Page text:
Call it fate. When a yacht owner and the right yacht meet at the corner of passion and vision, the arrival point is awesome.
For one yacht owner, his journey to this point saw him buy a yacht that had been for sale for about six years. The pedigreed, one-off craft had retro styling and was purpose-built to run at around 50 knots. The owner wanted to maintain her style while transforming her from a utilitarian go-fast vessel for four to a “luxury-entertainment yacht for 12.” All the work had to be finished in Bristol fashion. And, of course, she would still need to run fast when desired.
The 56-footer, Vendetta, penned by naval architect Doug Zurn, was originally built in 2005 for Rock & Roll Hall of Fame musician Billy Joel. He’d wanted a plumb bow-style commuter yacht with a torpedolike stern, a boat reminiscent of those seen streaking down Long Island Sound to lower Manhattan during the 1920s and ’30s. In 2016, Joel donated Vendetta to the International SeaKeepers Society, a not-for-profit group that supports research to help protect the world’s oceans.
Her new owner, coming out of a Pursuit, fell for the look of the yacht and immediately had a new vision for her. He purchased Vendetta that same year, saying, “Her high level of design, engineering and quality of build is a rarity in an industry dominated by production boats.”
To that end, Vendetta has a variable deadrise, a modified-V hull form with convex sections forward, a 15-degree transom deadrise and a wave-splitting plumb bow, all resolving in her rounded stern shape. She is constructed with infused Kevlar and E-glass over Corecell foam core.
Zurn was enlisted to pen the yacht’s revamped look and layout, “to ensure her lines flowed seamlessly and her integrity was maintained,” the owner says.
A major part of the refit was an aft-deck redo, which, like the original build, was done with foam core and E-glass to keep the structure light and strong.
“She originally had a deck and a hatch mast aft,” Zurn says, adding that the setup left a cavernous space underneath the cockpit. The plan was that Joel would stow his motorcycles there. That didn’t materialize, but her new owner saw the opportunity to change the real estate into a lounge space for guests to take in the sights while cruising up and down The Golden State, or while zipping across to Catalina Island from the boat’s new home port in Newport Beach, California.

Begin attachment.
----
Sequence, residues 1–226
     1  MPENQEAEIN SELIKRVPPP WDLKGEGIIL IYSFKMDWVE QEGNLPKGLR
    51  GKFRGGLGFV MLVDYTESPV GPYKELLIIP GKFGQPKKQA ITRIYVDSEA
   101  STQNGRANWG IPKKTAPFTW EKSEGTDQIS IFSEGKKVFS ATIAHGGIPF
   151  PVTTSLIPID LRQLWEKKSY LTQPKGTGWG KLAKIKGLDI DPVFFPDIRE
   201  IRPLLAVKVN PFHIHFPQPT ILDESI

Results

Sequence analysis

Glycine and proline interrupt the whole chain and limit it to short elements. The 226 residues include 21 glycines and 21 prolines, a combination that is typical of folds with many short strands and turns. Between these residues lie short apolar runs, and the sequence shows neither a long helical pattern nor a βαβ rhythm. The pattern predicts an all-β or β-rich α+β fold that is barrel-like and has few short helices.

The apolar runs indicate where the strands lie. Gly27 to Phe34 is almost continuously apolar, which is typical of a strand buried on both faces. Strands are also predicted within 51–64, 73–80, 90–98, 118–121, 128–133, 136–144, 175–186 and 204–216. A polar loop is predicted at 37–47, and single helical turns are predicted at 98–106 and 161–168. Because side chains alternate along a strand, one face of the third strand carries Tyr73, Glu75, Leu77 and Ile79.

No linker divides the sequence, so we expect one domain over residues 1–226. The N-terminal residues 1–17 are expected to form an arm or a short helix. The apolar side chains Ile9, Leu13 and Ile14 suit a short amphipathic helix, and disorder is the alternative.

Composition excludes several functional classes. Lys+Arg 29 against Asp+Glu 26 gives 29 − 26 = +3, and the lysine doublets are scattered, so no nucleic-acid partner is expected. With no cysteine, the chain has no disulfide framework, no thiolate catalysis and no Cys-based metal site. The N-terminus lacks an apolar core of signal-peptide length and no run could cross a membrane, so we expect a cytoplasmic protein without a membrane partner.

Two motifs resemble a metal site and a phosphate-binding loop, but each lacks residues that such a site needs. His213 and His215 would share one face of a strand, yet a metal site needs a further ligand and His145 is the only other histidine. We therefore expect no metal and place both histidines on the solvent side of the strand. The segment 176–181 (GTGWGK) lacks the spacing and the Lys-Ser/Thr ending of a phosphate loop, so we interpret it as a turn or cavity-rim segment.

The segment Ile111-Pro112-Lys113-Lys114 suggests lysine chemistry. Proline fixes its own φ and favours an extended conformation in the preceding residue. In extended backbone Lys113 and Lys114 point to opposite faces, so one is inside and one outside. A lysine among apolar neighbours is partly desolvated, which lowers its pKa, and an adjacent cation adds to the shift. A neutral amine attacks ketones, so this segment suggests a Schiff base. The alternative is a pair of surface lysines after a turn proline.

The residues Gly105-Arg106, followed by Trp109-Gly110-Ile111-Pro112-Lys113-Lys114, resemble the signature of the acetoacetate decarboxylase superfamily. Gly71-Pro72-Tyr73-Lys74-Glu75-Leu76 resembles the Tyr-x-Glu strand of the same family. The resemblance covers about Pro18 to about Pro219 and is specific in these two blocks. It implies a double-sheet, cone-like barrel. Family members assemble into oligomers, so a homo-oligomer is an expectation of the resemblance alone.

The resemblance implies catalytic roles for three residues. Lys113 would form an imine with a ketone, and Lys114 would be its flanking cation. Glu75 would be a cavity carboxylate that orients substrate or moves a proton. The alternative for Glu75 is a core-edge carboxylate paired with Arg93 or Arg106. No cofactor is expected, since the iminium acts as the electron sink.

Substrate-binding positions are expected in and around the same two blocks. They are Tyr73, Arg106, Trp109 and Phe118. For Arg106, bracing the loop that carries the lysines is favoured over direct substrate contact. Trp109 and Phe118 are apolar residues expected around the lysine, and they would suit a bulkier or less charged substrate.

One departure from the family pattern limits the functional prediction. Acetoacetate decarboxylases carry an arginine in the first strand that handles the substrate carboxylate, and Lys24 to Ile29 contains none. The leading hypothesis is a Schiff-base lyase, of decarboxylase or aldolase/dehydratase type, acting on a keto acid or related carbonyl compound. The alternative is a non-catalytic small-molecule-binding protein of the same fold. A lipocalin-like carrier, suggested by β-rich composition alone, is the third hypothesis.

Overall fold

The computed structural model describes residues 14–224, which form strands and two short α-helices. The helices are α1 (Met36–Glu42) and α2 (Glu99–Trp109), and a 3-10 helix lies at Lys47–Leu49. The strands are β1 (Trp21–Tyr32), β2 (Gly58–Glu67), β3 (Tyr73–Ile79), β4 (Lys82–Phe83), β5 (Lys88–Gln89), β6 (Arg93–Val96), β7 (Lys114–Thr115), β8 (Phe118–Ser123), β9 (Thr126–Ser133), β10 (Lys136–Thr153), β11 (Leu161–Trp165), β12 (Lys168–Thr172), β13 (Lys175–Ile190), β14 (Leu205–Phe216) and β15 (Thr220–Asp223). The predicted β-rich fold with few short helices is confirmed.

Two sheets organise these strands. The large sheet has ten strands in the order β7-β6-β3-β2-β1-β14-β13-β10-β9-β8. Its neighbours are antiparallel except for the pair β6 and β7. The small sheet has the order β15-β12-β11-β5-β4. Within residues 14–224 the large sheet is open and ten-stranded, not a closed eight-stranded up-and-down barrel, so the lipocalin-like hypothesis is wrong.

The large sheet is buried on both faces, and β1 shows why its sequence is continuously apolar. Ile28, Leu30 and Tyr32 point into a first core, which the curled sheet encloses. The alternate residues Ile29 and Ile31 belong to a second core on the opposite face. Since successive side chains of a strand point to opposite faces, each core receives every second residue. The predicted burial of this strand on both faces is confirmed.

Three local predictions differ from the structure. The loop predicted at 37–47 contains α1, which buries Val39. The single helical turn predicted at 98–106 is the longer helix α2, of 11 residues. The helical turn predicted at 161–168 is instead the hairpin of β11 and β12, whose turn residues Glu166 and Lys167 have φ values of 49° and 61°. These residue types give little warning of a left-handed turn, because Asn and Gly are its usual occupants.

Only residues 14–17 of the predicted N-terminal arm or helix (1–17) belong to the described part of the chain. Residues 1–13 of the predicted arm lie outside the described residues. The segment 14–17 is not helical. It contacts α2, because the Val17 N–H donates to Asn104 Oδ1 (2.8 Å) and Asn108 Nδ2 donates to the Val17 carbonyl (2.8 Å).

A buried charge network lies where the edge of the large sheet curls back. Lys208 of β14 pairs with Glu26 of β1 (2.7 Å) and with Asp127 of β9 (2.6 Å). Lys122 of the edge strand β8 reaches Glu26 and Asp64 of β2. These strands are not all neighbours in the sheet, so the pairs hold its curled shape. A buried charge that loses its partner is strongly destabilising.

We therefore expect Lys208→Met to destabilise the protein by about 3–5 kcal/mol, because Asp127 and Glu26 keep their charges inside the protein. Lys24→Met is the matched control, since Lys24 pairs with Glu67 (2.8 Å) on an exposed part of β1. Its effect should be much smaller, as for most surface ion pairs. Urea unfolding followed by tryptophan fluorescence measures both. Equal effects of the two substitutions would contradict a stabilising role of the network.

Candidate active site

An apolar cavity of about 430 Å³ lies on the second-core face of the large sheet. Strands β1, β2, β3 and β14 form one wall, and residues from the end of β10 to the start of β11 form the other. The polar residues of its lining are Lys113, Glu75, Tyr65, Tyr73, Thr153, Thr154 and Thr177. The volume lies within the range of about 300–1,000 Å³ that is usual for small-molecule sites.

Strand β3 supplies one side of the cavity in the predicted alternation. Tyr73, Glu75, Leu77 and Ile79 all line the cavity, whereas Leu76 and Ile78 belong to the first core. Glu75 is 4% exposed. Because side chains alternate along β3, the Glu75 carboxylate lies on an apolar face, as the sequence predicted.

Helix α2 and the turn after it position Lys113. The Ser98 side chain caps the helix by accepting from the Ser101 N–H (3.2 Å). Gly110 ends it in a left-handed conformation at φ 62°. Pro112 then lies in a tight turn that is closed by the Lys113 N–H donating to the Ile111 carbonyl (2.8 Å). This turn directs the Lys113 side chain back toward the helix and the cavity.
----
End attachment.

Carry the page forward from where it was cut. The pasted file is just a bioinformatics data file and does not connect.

Zurn worked through several design iterations for Vendetta the first time, so he revisited them when developing her refit plan. “Originally, the cockpit [concept] was a sunken cockpit, so we decided to make it flush deck to keep everyone on the same social level,” he says. Zurn used 3D modeling to give her new owner an accurate picture of how the new layout would look.
Her owner says she accommodates six guests in helm chairs, four in aft wraparound seating and two more in folding high-gloss teak chairs with a teak cabinet on each side to hold a bar, refrigerator and trash. “Because of her unique design, each part and modification was custom made. Nothing was off the shelf,” he says.
The refit work, completed by Newport Harbor Shipyard, included cutting out the aft deck space and building it lower into the yacht. The new cockpit created room for the settee, whose shape follows Vendetta‘s curved transom, making it look like part of the natural landscape and maintaining her low-profile, sinewy lines. The settee is placed around a varnished teak table.
“Now there is room for dancing,” Zurn quips. The cockpit, shaded in part by the superstructure overhang, has additional shading with a fixed canvas awning as well.
The cockpit was the primary structural change, but Vendetta received myriad other upgrades. The countertops, originally a beige Corian, were replaced with varnished teak. A carpeted salon sole is now teak and holly. Her interior paint was swapped out from white and cream to a “Herreshoff white” with mahogany trim.
“It’s very different from the original boat,” Zurn says. “He brought the level of finish up a huge amount.” Vendetta ‘s original build took about two years. Her refit took around 18 months.
Since the yacht now lives in Newport Beach, slow-speed harbor cruising was just as important to her new owner as hitting 50 knots. Amid the waterfront homes, moorings and army of Duffy electric boats that ply the local waters, slow speed is a necessity, not an option.
One of the ideas first floated was having drop-down electric motors, but Zurn says the concept wasn’t feasible, noting that Vendetta is a pretty “technical boat.” She is powered with twin 1,300 hp, 12-cylinder MAN diesels matched to Power Vent Surface Drive propellers. “It’s a surface drive, but it’s tucked into ventilated tunnels, so you get the same economy as a transom-mounted surface drive, but it’s protected underneath the hull, half in the water, half out of the water,” Zurn says. “The other advantage is not dragging props and shafts through the water, reducing hydrodynamic drag.” In the propulsion system’s normal state though, Vendetta has a slow idle of 9.5 to 10 knots. That wouldn’t work for her owner’s needs.
In the end, trolling valves solved the slow-speed issue. Her owner says he can casually cruise around Newport Harbor at about 5 knots. He also added a stern thruster (a bow thruster was already installed) to help with close-quarters handling.
And despite the upgraded punch list, Zurn says more changes are likely to come.
“I am anticipating more work eventually to the boat because there are no sleeping accommodations,” Zurn says. “We had done some cabin layout work over the years. Billy had us do some design work to show people what could be done with the boat. We have different accommodations [options] for the boat.”
For now, Vendetta’s owner seems to be enjoying the yacht he recreated by following his passion and vision. And that’s awesome.